Ummm... I can tell you the teachers were as thrilled as you were about being made to have meetings like that and answer those ridiculous questions... no matter how much they smiled. I can also promise at least 50% of them ran out of school between dismissal and the meeting and chugged a beer or two or several glasses of wine. I dread those meeting more than any other parental encounter all year long. So, the feeling is likely mutual!

:) We miss y'all!

kitykity said...

"same as it ever was..." *violently shaking my head from side to side* :) Jamming with kids is awesome. I heard my daughter the other day sing the entire intro song to "Danny Phantom," it was adorable!

Anonymous said...

"My dad was a football coach in Odessa 'Friday Night Lights' Texas."

Oh man you poor bastard. After four hours at least I got to go home where there was no Texas high school football coach. Of course there was a father who always wished he'd played high school football -- back when they wore leather helmets -- and thus made me play, but still there was a layer of abstraction.

You know, the sad thing, before this as a boy I'd really gotten into the Americana of football, really almost mythic for me up to this point. We lived in a small village in New York, near West Point, went to Army/Navy games in the cold rain. Cheered for the Cowboys on TV no matter where we lived. Then small town Texas high school games, drank Dr Pepper and ate Frito pie made right in the little single-serving bags. Magical really, in its gritty way. I was developing an Exley-esque sort of lifelong appreciation for the game.

Then I actually started playing and discovered the cruelty, things tantamount to torture, watched some of the coaches *punch* guys *in the face* for missing blocks, other similarly awful behavior -- you know Woody Hayes just got caught, that's all. Did not tarnish it, but ruined it.

CameraDawktor said...

ah, sweet! i can just see you and schuyler grinning and acting all smartassy doing the sign language thing.

haha...secret father/daughter code!

hopefully nobody knows the b lah blah sign!

i am so glad we don't have any retarded handbooks that have to be read for an hour stuff to go through. just drop the kids off and go!

maybe you need to move to washington!

think said...

I cannot wait until you publish your book. I do hope you include stories such as this one because, in all honesty, Schuyler is just an amazing character. Except she's REAL. How cool is that!

Tiny Tones said...

I'm a teacher and let me assure you it's no more fun on our side of the desk. I used to work with a woman who threw up before EVERY parent-teacher night! Lovely blog - nice work!

Anonymous said...

Schuyler is awesome, and as I live in the area I refquently keep an eye out for an awesome little girl with her badass pink hair. I wouldn't come say hi because of your previous experiences with effheads from the internet, but I would give a little wave in my head and be glad that when there's so much crap around me, there's one amazing little girl living somewhere close by, changing the world, breaking rules, one hair color at a time.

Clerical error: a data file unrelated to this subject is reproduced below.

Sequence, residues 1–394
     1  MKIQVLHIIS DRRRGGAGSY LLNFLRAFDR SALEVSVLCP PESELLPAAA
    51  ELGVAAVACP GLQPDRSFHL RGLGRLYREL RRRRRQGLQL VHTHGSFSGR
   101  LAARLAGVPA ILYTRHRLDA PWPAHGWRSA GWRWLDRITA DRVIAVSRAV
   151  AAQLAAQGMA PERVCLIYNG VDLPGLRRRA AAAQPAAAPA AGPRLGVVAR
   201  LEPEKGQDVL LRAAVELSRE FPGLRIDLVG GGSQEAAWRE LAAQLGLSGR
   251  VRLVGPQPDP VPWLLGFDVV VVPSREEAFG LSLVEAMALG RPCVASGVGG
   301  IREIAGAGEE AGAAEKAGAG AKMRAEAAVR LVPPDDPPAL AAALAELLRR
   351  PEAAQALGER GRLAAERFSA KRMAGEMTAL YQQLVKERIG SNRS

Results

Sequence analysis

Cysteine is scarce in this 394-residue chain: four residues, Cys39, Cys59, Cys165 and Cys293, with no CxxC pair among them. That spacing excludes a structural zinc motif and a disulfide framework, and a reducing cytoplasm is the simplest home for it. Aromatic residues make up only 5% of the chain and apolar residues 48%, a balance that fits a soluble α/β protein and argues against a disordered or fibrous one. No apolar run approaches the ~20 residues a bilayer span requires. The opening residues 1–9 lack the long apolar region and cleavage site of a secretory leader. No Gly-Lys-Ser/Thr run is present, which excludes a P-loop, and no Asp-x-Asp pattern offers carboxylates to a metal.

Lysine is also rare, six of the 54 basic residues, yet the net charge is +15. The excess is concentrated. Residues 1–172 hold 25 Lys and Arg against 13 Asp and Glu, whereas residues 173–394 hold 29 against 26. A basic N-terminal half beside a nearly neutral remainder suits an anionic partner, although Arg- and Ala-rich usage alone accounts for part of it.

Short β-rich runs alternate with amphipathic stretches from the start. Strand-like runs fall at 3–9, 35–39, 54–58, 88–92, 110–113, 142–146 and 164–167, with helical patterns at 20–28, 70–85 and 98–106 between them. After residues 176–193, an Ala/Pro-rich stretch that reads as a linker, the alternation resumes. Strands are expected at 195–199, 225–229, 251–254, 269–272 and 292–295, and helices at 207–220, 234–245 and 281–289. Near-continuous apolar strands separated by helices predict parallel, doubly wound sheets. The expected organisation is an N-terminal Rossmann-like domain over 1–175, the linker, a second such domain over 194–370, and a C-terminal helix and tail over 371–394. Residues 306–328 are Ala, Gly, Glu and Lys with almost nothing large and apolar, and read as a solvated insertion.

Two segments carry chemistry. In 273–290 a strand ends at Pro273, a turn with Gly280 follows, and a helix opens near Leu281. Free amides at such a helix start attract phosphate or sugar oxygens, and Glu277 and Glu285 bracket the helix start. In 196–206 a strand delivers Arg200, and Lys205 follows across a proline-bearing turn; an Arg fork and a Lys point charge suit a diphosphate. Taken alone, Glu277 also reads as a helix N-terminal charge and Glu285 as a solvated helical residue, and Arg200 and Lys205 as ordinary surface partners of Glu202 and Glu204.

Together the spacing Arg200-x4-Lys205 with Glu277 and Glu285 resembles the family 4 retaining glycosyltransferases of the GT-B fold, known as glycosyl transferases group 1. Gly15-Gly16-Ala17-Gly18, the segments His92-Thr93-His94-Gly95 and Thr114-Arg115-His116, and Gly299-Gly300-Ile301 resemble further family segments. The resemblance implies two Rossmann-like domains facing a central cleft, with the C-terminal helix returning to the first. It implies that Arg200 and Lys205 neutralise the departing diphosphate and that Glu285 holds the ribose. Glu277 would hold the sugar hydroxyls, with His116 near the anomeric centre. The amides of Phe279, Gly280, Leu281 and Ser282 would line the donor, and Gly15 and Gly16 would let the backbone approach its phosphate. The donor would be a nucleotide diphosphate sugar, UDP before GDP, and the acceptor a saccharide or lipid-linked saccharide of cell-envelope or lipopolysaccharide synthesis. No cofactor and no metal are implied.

Anonymous said...

"Today's high is supposed to be 106, and tomorrow, too. I don't think the law even allows them to go outside in this kind of heat. "

ah, but Rob, I live in Plano. And the teachers at both the private daycare and at the public elementary school are tragically unaware of that one. Many of them have never heard there is a "too high" limit, and act very surprised at hearing it. Of course, they are sitting off in the shade with their bottled water when they make the kids go play. Really.

Anonymous said...

Psst, don't tell anybody, but even teachers find those powerpoint things deadly boring. (I used to be one)...
Also, an observation: if you have 2 parents seeing you about their kid, only one of them does the talking. The other one just listens, supportively, or pretends to do so.If you were the other one, I'd guess that the David Byrne routines must make it bearable.

Anonymous said...

Music is essential for the soul.. I have a Wrangler and lets just say people(?) know us.. LOL!< this is how my UNIQUE family kills "DEMONS" and,, F'EM ....sometimes ya just gotta sing. Maybe even flip off the crossing guard on a bad day OOOPS! < did the "mommy-clan" see that ??? ;)

bexybeans said...

my daughter loves the talking heads, which makes driving with her that much more fun. i'm glad to know that other parents in the north dallas area are driving around blasting david byrne and teaching their children how brilliant and enjoyable music really is. my daughter is also quite possibly the biggest beatles fan on the planet. she thinks she's going to marry paul.